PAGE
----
Limited persistence (part 3)

By the way:

I talked about how, instead of checking in base 10 every number up to, say, 1040, you can check only numbers with no 0 or 1 digits, that do not have both a 5 and an even digit, with digits in increasing order, and that’s a vastly smaller number to check.

Similarly for other bases, but think about base 3. The only digits you have are 0, 1, and 2, so the only numbers that do not have 0 or 1 digits are all 2s: 23, 223, 2223, 22223, …

There are 343,585,013,821,340,887,357,640,753,177,080,848,468,071,681,334 numbers that have 100 digits in base 3. Out of those only one needs to be checked (if you’ve already checked the 99 other numbers consisting of fewer 2s). Which is one heck of a speedup.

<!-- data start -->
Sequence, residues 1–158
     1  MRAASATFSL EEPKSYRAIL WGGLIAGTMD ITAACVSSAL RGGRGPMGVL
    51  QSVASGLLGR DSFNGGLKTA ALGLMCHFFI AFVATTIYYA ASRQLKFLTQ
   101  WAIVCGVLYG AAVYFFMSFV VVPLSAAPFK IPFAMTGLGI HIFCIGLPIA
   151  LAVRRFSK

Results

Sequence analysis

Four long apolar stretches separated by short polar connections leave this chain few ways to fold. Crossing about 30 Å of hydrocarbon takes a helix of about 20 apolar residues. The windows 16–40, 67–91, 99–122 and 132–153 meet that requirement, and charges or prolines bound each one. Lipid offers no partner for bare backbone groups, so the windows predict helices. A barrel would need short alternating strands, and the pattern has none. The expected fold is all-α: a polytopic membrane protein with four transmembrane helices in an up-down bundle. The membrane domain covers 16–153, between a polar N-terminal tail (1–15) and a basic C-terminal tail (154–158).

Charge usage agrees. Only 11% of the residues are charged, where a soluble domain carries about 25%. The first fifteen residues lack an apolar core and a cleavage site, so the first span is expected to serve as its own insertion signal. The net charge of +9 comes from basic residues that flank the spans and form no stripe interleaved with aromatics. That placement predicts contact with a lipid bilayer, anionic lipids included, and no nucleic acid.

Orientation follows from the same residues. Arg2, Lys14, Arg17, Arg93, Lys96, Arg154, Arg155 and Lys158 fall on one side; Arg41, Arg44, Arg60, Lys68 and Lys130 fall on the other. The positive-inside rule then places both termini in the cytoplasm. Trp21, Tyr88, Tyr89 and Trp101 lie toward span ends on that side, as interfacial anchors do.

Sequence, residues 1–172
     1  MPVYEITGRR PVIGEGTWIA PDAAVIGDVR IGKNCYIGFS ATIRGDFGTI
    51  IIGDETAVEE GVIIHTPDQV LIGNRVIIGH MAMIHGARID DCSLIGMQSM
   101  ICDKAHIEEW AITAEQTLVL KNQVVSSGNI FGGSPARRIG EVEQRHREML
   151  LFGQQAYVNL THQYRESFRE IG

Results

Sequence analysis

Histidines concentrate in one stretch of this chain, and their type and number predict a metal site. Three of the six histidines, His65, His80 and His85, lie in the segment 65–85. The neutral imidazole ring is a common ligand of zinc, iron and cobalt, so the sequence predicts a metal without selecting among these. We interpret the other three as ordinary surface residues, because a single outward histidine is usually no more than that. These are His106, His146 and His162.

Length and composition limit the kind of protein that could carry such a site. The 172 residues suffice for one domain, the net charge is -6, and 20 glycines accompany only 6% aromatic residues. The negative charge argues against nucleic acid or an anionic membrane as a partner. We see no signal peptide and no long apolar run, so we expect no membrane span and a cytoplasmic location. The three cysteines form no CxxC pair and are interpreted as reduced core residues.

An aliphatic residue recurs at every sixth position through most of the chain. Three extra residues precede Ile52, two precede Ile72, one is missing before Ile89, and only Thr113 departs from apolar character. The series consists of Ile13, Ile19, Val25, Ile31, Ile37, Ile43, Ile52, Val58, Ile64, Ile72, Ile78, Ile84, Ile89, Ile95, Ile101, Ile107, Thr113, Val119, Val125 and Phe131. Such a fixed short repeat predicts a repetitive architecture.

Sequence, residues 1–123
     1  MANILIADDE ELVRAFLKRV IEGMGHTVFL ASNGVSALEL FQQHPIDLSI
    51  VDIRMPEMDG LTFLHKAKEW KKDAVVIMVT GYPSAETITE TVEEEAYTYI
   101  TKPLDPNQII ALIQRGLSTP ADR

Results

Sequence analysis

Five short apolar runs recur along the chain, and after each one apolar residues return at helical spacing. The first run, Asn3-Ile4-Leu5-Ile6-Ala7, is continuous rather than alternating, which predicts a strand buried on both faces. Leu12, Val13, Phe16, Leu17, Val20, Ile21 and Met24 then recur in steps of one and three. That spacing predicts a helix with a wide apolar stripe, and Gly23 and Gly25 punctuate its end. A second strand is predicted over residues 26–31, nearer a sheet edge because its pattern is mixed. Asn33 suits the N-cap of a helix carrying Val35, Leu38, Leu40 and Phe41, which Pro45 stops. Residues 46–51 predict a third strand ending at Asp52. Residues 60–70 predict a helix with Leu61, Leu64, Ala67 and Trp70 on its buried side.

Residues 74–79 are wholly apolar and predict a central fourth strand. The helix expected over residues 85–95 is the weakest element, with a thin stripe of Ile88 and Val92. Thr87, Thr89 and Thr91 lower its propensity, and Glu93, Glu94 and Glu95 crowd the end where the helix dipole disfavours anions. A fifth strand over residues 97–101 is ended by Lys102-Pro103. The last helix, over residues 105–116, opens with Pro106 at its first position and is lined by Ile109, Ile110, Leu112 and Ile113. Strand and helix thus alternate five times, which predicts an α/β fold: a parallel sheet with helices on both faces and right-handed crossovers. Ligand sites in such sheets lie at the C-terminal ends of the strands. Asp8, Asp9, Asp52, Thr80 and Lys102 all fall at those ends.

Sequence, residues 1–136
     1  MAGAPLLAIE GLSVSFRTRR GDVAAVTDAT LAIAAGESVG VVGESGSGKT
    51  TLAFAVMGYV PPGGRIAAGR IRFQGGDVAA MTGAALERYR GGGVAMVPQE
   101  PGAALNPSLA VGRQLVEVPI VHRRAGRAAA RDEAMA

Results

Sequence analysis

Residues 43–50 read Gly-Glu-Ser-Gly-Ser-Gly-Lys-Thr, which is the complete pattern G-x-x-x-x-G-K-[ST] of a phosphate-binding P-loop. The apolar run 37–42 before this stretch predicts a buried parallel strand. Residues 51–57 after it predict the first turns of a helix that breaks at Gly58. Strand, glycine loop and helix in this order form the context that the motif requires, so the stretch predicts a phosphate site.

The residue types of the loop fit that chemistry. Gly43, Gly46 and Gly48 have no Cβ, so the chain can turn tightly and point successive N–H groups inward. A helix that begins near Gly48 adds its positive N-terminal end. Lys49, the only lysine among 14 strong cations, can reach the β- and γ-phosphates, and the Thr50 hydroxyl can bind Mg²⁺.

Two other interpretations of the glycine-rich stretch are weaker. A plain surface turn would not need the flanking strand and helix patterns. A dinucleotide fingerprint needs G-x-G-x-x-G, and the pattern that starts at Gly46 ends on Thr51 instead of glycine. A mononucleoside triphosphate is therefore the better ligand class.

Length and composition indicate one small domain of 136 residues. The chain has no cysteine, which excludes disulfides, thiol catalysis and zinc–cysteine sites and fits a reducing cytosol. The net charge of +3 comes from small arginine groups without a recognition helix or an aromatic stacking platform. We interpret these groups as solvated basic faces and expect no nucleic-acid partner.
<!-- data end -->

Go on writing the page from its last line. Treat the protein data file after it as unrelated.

In base 4, any number with more than one digit equal to 2 has maximum persistence 2, so there are only two numbers per decade worth checking (234, 334, 2334, 3334, 23334, 33334, …)

So if we want to check numbers up to 100 digits, there are 100 base 3 numbers and 200 base 4 numbers. For base 5, there are 176,850 numbers. 181,900 in base 6, benefiting from the factors of 6, but 96,560,645 in base 7! Still a lot less than 7100, but things are slowing down pretty hard.


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